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How to deal with student loan debt default

Steve BucciDear Debt Adviser,
My student loan is in default, and my wages are being garnished. I've already consolidated the loan and performed a loan rehabilitation. Neither has worked. I'm looking for a new way to deal with this situation, and fortunately, I'm now in a stronger position to do so with a better-paying job. How do I get out of default and stop the wage garnishment?
-- Scott

Dear Scott,
Not enough is said about the huge risk that young people are taking on with student loans. With little financial experience, no current income and only the hope of finding a well-paying job, I rate student loans among the most risky -- for the borrower. Of course, there is little to no risk for the lender since it is difficult to discharge a student loan debt in bankruptcy if things head south. There is even less risk for the school accepting the proceeds of the loan since you can't get a refund.

As for your situation: Because you have already attempted and failed two remedies, I'm not sure that your lender is going to be willing to work with you again. You're only eligible to rehabilitate a federal student loan once, so you no longer have that option to stop the garnishment.

Also, your defaulted loan is no longer with the government. It has been transferred to a collector. The government can issue an Administrative Wage Garnishment order where 15 percent of your wages can be garnished without taking you to court. So the collector is usually happy to receive regular payments on your loan thanks to the garnishment. It has no real incentive to change the status quo.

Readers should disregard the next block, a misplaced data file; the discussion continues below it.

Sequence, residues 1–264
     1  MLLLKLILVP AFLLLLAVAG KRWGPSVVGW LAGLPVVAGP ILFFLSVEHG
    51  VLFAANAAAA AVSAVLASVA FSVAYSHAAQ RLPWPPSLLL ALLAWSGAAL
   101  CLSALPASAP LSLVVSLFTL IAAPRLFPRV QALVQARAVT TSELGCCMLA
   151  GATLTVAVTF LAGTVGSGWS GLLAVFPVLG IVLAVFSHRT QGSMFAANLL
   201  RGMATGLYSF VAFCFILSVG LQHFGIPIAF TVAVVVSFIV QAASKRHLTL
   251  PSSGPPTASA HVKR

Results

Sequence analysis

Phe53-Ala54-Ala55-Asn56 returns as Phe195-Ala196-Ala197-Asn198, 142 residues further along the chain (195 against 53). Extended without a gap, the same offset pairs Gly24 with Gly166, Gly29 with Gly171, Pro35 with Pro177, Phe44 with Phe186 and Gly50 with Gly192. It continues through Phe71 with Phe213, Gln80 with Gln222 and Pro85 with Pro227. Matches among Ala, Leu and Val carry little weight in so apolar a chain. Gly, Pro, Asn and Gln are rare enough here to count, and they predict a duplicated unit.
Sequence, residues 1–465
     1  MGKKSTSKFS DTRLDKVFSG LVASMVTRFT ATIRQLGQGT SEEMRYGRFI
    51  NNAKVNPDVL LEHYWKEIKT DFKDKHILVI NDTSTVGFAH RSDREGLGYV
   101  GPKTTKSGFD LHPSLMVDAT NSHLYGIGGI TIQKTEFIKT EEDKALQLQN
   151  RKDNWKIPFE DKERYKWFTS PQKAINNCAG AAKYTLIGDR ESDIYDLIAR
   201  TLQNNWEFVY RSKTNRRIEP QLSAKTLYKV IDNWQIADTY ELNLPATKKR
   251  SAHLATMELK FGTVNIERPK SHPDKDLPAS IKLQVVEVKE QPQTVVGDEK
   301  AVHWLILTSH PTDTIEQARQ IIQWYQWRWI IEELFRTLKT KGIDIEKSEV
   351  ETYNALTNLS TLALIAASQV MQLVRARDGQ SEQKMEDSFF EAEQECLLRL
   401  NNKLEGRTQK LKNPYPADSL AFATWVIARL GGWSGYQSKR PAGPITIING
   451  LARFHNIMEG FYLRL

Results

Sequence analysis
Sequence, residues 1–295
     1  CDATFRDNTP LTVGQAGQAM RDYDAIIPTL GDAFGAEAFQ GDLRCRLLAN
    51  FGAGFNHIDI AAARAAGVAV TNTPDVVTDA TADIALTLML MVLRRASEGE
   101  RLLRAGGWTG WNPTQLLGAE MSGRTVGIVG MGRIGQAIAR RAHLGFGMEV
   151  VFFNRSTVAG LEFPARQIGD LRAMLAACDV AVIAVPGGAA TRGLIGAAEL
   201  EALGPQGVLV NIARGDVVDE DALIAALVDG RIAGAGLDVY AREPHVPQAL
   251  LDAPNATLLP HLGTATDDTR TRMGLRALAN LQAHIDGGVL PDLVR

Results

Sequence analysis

Assuming you can afford to pay more than is currently being garnished, you could contact the collector that is managing your loan and attempt to work out a new payment agreement. Should they agree, be sure to get it in writing. You could always send in additional payments to the collector to pay off the loan quicker. You can check how an accelerated payment plan will impact your debt with one of Bankrate's calculators.

The other option you have to stop the garnishment is to pay the loan in full. Depending on how much you owe and your current access to credit, you could pay the loan off with a credit card or a private loan. I would take a paystub down to your local credit union and ask if they will loan you the money to pay off your student loan debt. They may not, given your damaged credit. But it's still worth a shot. Not only would you be free of the garnishment, you'd be adding positive data to your credit report with a new performing loan. I would not recommend using home equity to pay off the loan, as you would be moving from an unsecured loan to a secured loan.

Finally, remember that the damage to your credit will remain until the credit reporting period has ended (seven years from the date of default). Also, because your loan was turned over to collections, collection fees plus all accrued interest for the time you did not make payments have been added to your loan balance.

This experience has given you an education in personal finance that's not taught in schools. Next time, try not to take on a loan until you're sure you'll have the resources to repay it.

Good luck!

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